18. 18. Girl child • Dowry is still present in many parts of India. • Dowry creates financial pressure on the family head. 6/8/2017 Sethupathi S , M.Sc (soil science) 19
  19. 19. Green revolution 6/8/2017 Sethupathi S , M.Sc (soil science) 20
  20. 20. Indebtedness  Indebtedness was the reason behind the suicide of 93% farmers.  Out of 17.64 Lakh farmers only (25.3%) farmers could avail institutional finance in 2005-06.  Private money lenders charge high interest rates between 48-60% p.a.  Higher rate of interest in the cooperative credit system e.g. up to 12.5% to 14% till last year.  cooperative sector brought down their interest rates to 7%, even then the farmers are taking loans from the private individuals. 6/8/2017 Sethupathi S , M.Sc (soil science) 21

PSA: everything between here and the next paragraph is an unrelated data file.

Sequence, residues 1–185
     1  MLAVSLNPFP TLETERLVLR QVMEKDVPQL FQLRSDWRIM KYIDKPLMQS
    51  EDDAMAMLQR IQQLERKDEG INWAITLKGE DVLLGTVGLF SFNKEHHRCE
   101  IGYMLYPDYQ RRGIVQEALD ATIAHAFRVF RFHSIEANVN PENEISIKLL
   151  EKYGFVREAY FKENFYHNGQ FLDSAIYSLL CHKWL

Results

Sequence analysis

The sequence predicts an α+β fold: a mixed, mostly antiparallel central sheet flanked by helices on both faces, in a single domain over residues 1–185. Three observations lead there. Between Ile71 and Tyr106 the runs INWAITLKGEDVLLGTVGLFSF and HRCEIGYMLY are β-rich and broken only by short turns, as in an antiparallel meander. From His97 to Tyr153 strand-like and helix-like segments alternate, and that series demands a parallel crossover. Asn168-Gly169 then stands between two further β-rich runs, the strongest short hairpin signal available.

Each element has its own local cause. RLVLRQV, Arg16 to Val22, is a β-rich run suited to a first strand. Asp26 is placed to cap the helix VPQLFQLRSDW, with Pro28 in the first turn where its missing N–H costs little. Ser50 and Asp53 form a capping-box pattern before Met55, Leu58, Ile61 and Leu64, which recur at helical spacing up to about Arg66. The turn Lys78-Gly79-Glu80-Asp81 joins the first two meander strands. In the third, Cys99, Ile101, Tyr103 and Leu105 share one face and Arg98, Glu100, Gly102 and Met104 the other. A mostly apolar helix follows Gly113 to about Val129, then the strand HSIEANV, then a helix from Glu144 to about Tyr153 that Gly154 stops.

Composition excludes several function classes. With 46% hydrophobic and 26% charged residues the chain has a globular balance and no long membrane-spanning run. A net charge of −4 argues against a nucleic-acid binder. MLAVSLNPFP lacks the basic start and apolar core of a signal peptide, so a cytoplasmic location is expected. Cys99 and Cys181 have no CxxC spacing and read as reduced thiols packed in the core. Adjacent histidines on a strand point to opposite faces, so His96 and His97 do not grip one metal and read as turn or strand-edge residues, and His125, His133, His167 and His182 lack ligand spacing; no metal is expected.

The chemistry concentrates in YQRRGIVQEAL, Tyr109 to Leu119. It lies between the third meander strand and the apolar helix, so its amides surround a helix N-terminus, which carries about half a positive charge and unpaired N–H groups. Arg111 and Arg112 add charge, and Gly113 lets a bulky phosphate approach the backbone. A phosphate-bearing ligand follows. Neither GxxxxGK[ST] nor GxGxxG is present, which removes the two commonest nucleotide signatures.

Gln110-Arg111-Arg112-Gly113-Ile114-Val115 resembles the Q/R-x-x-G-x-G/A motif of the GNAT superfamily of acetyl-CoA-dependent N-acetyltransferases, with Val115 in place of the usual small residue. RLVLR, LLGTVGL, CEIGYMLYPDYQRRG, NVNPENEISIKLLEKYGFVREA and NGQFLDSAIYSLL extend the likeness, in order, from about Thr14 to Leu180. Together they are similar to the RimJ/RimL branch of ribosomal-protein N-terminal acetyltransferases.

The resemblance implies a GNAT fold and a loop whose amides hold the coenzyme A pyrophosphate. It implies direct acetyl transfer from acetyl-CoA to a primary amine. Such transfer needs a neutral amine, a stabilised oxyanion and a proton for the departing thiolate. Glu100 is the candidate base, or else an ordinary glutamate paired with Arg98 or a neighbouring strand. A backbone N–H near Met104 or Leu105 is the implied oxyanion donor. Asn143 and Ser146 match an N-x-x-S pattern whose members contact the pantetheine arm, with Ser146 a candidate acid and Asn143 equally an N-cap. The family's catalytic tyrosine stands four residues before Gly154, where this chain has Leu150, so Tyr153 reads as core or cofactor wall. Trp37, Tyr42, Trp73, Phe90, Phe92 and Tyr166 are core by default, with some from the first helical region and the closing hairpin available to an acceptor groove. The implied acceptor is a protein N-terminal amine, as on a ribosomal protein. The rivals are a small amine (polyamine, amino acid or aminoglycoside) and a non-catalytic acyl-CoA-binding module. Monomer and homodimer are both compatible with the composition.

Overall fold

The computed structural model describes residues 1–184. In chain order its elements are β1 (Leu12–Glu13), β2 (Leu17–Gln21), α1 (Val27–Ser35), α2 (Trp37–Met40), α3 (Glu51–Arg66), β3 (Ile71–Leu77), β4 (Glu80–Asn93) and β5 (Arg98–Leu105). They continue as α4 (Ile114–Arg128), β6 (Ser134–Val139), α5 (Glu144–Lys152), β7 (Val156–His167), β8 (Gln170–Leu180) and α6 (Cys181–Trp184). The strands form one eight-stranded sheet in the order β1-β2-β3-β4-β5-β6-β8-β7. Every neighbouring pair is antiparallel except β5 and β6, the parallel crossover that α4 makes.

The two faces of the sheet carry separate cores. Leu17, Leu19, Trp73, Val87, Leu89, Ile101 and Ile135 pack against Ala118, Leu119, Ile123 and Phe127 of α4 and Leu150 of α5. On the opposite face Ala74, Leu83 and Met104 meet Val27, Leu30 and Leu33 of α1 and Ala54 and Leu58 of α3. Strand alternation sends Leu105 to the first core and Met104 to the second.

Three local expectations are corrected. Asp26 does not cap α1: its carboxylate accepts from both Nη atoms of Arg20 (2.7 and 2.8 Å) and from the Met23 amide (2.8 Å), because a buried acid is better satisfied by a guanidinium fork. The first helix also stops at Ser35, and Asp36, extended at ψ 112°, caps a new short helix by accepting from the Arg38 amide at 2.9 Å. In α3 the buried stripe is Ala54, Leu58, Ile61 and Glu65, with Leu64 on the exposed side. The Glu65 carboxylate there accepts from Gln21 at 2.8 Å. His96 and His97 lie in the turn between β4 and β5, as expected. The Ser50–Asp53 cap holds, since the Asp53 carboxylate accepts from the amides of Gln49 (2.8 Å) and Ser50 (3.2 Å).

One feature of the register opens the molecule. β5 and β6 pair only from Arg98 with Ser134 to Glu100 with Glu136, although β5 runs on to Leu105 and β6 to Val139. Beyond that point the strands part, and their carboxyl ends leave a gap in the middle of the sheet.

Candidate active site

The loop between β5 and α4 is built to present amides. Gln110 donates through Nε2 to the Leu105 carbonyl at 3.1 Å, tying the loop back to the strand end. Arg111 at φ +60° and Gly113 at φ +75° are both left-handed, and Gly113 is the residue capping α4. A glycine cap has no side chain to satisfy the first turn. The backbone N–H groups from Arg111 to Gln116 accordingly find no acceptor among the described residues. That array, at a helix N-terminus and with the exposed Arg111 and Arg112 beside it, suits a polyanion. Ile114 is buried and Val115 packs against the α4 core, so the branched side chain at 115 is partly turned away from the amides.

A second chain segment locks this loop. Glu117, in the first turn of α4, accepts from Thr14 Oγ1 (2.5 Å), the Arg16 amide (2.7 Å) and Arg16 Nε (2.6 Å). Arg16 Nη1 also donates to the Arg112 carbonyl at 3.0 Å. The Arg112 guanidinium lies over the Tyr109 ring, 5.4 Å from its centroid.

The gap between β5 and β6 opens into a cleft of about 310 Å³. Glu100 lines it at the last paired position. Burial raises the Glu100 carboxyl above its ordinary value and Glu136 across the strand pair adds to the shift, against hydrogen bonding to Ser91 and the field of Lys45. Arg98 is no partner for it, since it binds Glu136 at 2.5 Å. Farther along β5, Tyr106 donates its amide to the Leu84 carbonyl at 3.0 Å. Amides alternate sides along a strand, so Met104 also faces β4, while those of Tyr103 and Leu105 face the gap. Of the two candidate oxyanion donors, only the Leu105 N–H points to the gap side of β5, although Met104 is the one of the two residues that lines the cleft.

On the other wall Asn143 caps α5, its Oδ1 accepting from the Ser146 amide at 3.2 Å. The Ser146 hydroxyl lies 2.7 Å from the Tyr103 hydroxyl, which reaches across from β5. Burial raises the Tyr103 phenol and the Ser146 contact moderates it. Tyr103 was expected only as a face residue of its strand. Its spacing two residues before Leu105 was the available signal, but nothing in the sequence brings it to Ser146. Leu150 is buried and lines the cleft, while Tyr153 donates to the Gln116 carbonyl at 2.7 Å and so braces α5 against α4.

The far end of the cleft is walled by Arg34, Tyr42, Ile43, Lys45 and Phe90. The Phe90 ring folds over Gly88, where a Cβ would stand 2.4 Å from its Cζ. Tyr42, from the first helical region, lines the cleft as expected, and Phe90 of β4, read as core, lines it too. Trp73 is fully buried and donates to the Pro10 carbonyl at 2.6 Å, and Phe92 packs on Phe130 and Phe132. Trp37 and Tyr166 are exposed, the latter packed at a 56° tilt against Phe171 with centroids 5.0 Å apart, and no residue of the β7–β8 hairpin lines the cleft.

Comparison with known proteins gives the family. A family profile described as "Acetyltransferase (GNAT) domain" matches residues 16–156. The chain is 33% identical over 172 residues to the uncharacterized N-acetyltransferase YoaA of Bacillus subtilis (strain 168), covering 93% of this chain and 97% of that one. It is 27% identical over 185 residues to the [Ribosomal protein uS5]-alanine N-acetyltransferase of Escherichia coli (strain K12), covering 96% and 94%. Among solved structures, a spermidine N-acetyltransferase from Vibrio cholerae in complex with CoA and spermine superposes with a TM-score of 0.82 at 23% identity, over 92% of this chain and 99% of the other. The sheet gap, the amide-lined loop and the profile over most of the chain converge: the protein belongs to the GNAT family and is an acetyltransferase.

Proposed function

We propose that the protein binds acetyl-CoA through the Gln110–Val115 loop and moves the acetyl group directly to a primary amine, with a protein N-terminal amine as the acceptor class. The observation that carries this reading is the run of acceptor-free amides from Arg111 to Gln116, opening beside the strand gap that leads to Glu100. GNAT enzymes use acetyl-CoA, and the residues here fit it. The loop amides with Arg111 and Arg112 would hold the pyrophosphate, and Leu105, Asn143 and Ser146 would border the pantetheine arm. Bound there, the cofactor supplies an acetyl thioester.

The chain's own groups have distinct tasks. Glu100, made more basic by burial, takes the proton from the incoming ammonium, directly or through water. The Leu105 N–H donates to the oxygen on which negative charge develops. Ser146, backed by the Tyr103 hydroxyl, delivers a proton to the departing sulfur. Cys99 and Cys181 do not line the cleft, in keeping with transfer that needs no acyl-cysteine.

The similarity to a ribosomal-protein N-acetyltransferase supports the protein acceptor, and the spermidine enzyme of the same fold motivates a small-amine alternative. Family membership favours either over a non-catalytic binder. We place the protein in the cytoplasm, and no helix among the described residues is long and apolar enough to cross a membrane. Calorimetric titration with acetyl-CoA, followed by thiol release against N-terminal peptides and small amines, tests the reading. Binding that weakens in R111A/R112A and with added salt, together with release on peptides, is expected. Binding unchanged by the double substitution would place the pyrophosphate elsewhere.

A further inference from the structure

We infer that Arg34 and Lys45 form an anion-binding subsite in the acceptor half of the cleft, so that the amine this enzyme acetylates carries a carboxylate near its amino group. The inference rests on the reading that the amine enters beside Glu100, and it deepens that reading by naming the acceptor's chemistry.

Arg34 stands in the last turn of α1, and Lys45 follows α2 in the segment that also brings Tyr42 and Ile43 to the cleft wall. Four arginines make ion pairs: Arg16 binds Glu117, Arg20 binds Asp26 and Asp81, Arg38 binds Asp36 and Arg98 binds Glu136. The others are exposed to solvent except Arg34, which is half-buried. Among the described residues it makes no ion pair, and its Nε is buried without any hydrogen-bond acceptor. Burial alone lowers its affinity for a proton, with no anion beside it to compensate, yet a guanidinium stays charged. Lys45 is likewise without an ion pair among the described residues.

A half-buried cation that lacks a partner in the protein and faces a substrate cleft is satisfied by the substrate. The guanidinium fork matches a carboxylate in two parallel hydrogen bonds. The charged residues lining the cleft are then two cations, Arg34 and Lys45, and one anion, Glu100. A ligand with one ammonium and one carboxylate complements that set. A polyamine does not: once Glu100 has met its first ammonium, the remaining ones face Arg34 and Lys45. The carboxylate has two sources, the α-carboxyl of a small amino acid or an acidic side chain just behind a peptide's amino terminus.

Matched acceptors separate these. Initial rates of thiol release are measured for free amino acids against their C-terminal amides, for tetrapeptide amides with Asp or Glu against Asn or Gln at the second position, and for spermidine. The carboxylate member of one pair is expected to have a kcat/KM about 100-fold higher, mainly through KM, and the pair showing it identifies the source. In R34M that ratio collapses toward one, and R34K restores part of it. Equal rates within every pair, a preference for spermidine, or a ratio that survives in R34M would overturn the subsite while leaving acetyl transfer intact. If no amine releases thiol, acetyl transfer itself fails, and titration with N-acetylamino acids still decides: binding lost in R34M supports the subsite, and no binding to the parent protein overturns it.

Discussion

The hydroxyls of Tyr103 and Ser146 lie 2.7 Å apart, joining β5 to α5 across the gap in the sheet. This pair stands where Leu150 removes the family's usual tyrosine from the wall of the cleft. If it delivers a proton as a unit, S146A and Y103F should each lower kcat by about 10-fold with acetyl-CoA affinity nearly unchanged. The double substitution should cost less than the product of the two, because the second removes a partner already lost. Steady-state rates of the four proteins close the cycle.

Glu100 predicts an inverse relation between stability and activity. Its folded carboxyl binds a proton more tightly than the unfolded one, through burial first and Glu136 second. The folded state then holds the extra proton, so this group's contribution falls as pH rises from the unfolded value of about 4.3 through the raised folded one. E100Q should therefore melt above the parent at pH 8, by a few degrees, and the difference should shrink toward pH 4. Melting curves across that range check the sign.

21. 21. Reasons for indebtedness 6/8/2017 Sethupathi S , M.Sc (soil science) 22 Indebtedness Increasing cost of agriculture inputs Repeated crop loss Increasing dependence on money lenders at high rates of interest. Withdrawal of government support Reduced price of agriculture produces
  22. 22. Crop failure There are many different reasons for crop failure Late Monsoon Heavy Monsoon Pests, Insects Natural Calamity Personal Enmity Climate Change Drought 6/8/2017 Sethupathi S , M.Sc (soil science) 23
  23. 23. others  Social Status  Loan Waiver Policy  Neutral seeds  Rising Costs of Cultivation  Uncertainty of agricultural enterprise in India  Media’s Move 6/8/2017 Sethupathi S , M.Sc (soil science) 24